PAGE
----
Women With Altitude: Preserving History, One Hike at a Time

Editor’s Note – Monthly Ticket is a CNN Travel series that sheds light on some of the most fascinating topics in the world of travel. In July, we hit the trails to explore the most beautiful hikes in the world.

(CNN) — Elise Wortley did not want to be an adventurer. After moving from rural Essex to London in 2017, when she was in her late twenties and diagnosed with anxiety, she started taking walks to calm herself down. ‘spirit.

But his small steps give way to unexpected adventures.

Reading about the Franco-Belgian explorer Alexandra David-Néel, Wortley continued to obsess over the details of her groundbreaking travels in Tibet. Besides hiking, David-Néel camped and slept in caves for two years, all in the clothes of his day.

“A lot of (women explorers) dressed as men because it was easier,” says Wortley. But others have hiked, climbed, biked, camped and more in petticoats – yet another hurdle these women must overcome to be taken seriously and achieve their dreams.

In addition to recreating famous hikes, Wortley began researching the same period-specific clothing and gear the women had worn to better understand their state of mind.

“I found I understood their reading and writing a lot better now than I did in the old stuff,” Wortley says.

Wortley wants to encourage other women to experience nature on their own terms, away from the stresses of everyday life.

Emilie Almond Barr

Visiting Iran in the midst of a pandemic is difficult on its own, but finding a vintage 1930s Burberry coat to wear for hiking is also difficult.

To follow in the footsteps of Italian-British explorer and writer Freya Stark, Wortley had to secure visas and accommodation for her visit to Iran’s Alamut Valley, often referred to as the Valley of the Assassins.

But she was determined to do it in the same clothes that Stark so passionately wrote about in her travel diaries, namely a 1930s Burberry raincoat that the explorer wore on her travels.

It took weeks and numerous emails to antique clothing collectors, but Wortley finally found one of the coats – complete with matching hat – in time to wear it on his hike.

“It drives you a little crazy when you spend a lot of your hard-earned savings on a 1930s Burberry coat to wear on a crazy trip,” Wortley wrote on Instagram at the time, “but it was really the right thing to do do.”

That’s not all. For her David-Néel jaunt to Tibet, Wortley didn’t just take her gear and supplies with her — she carried a 1920s-style wicker chair, just like the one her inspiration had brought herself.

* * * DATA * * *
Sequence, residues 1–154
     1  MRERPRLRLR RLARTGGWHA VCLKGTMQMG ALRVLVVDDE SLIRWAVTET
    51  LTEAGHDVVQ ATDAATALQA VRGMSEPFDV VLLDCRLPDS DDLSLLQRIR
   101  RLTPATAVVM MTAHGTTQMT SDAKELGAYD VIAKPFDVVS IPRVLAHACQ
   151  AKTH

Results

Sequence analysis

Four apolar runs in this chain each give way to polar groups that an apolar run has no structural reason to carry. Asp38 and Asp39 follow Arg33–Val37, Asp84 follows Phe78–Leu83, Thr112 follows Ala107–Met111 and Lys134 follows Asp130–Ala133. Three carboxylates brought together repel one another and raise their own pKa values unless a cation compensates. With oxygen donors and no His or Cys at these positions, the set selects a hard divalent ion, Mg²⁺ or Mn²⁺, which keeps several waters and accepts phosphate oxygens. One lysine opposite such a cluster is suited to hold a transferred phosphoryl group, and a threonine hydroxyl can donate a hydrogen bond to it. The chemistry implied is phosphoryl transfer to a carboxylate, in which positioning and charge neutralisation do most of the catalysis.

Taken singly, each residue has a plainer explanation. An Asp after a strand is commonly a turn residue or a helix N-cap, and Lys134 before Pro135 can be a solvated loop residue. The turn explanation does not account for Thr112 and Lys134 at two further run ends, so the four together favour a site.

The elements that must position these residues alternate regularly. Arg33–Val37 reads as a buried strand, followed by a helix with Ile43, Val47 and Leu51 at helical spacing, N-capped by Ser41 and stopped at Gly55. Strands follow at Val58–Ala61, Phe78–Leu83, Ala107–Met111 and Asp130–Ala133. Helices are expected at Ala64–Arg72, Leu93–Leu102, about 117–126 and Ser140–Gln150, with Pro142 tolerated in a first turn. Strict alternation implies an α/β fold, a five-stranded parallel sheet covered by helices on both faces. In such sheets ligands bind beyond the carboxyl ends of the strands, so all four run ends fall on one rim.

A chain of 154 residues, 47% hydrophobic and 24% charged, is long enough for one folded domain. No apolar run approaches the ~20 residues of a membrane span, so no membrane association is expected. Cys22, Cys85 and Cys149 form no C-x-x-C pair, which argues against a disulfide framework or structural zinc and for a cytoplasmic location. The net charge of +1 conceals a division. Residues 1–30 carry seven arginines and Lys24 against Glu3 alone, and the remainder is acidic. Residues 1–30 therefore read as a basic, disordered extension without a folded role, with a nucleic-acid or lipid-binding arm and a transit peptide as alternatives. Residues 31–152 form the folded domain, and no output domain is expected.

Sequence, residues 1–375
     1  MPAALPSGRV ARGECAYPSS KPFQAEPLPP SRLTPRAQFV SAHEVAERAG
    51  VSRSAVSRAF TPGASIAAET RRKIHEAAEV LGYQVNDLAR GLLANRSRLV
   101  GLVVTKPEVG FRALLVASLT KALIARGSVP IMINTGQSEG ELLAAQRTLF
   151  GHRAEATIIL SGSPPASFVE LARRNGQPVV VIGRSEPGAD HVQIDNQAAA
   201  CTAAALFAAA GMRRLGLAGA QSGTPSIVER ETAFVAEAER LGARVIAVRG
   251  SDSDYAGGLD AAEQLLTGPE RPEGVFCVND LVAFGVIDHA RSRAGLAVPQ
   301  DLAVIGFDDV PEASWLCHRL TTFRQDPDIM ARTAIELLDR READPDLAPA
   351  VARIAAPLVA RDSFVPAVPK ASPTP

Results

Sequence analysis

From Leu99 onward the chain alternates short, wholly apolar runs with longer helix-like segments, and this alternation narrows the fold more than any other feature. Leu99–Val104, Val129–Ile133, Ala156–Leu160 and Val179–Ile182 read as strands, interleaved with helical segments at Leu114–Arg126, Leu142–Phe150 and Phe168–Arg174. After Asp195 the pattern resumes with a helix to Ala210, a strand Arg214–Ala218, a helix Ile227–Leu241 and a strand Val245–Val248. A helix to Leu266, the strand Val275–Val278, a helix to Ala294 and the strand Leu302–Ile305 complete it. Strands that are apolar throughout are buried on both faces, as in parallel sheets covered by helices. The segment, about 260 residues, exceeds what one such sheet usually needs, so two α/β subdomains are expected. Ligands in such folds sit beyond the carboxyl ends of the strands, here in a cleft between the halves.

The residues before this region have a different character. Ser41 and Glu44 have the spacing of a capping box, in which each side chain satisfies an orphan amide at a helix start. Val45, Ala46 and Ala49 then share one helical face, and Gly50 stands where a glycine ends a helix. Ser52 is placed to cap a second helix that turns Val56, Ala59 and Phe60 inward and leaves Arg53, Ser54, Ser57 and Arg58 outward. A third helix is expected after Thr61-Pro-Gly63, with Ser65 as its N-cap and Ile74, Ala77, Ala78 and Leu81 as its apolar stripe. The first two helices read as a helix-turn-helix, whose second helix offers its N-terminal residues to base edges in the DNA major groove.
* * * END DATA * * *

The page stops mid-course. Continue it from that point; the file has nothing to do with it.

where the road leads

Wortley says she has a list of “about 150” female adventurers whose travels she would like to follow. But given that she pays for most of her trips herself – lately she’s been attracting sponsors from brands like North Face and Clinique – she has to be judicious about which ones she pursues.

The pandemic has only made this more difficult. A trip closer to home was a hike to Ben Nevis, the UK’s highest peak, which replicated a trip by writer and explorer Nan Shepherd.

Shepherd, a Scotswoman who lived through most of the 20th century, is best known for her book “The Living Mountain,” in which she writes with passion and lyricism about people connecting with the outdoors.

Those were Shepherd’s words Wortley had in mind as she watched day-trippers try to get to the top of Ben Nevis as quickly as possible just to say they had been.

She points out how ‘exploratory’ literature is all about bragging rights, with most white men in the West wanting to say they were the first person to go somewhere, climb something, or name a place. . In fact, some male explorers no longer visited an area once the women had been there, claiming that its beauty had been ruined or the thrill gone.

Wortley says she has a list of "about 150" adventurers whose travels she would like to follow.

Wortley says she has a list of “about 150” female adventurers whose travels she would like to follow.

Olivia Martin McGuire

More feet on the trail

She reaches out to local women to join her on some or all of the hikes, depending on their comfort level, and raises awareness of the history of female adventurers.

While traveling, Wortley tries to hire a local guide. It can be daunting, as many of these areas are sparsely populated.

For her trip to India, Wortley found local guide Nadia through Intrepid Travel, a UK-based company she worked for in the past.

Meanwhile, when planning his expedition to Ben Nevis, Wortley was inspired by Jane Inglis Clark. Clark co-founded the Ladies’ Scottish Climbing Club, believed to be the oldest all-female climbing club in the world in 1908. Wortley contacted the club’s current members – who still run hikes and walks today – as well as the descendants of original members in order to find his traveling companions.

Still, the thought of a multi-day trek through the Himalayas with a chair strapped to your back might scare some people off from getting outdoors. Wortley says that while she likes to challenge herself, the most important lesson of her job is that the world belongs to everyone.

“These women were badass,” Wortley says, “but you don’t have to be in good shape to pull this off the hook or have a little adventure.”

His goal ? Encourage other women to discover nature in their own way, far from the stress of everyday life.

“On one trip, I literally only had my notebook to write in. So I really learned to sit down and be. I’d love to do that, actually — just take out a bunch of people, maybe being people who are obsessed with their phones or social media and things like that, just put all the phones in a box overnight and ask people to sit down and slow down.”


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